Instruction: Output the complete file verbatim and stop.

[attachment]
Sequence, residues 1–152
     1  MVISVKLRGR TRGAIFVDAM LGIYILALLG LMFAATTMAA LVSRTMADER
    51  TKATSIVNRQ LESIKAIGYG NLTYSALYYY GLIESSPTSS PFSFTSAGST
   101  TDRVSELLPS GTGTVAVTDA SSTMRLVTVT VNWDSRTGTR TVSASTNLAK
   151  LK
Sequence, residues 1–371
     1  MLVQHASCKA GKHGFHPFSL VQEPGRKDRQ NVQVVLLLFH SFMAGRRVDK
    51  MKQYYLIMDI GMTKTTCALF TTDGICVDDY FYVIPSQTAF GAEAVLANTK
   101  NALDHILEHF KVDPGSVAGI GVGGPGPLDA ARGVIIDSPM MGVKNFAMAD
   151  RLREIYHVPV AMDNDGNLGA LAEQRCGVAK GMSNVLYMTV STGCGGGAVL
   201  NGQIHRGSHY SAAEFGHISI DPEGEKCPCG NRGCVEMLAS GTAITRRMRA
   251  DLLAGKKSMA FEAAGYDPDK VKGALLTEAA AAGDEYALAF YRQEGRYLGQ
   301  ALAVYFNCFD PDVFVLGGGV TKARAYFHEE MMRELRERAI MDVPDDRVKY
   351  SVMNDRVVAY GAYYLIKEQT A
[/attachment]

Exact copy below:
Sequence, residues 1–152
     1  MVISVKLRGR TRGAIFVDAM LGIYILALLG LMFAATTMAA LVSRTMADER
    51  TKATSIVNRQ LESIKAIGYG NLTYSALYYY GLIESSPTSS PFSFTSAGST
   101  TDRVSELLPS GTGTVAVTDA SSTMRLVTVT VNWDSRTGTR TVSASTNLAK
   151  LK
Sequence, residues 1–371
     1  MLVQHASCKA GKHGFHPFSL VQEPGRKDRQ NVQVVLLLFH SFMAGRRVDK
    51  MKQYYLIMDI GMTKTTCALF TTDGICVDDY FYVIPSQTAF GAEAVLANTK
   101  NALDHILEHF KVDPGSVAGI GVGGPGPLDA ARGVIIDSPM MGVKNFAMAD
   151  RLREIYHVPV AMDNDGNLGA LAEQRCGVAK GMSNVLYMTV STGCGGGAVL
   201  NGQIHRGSHY SAAEFGHISI DPEGEKCPCG NRGCVEMLAS GTAITRRMRA
   251  DLLAGKKSMA FEAAGYDPDK VKGALLTEAA AAGDEYALAF YRQEGRYLGQ
   301  ALAVYFNCFD PDVFVLGGGV TKARAYFHEE MMRELRERAI MDVPDDRVKY
   351  SVMNDRVVAY GAYYLIKEQT A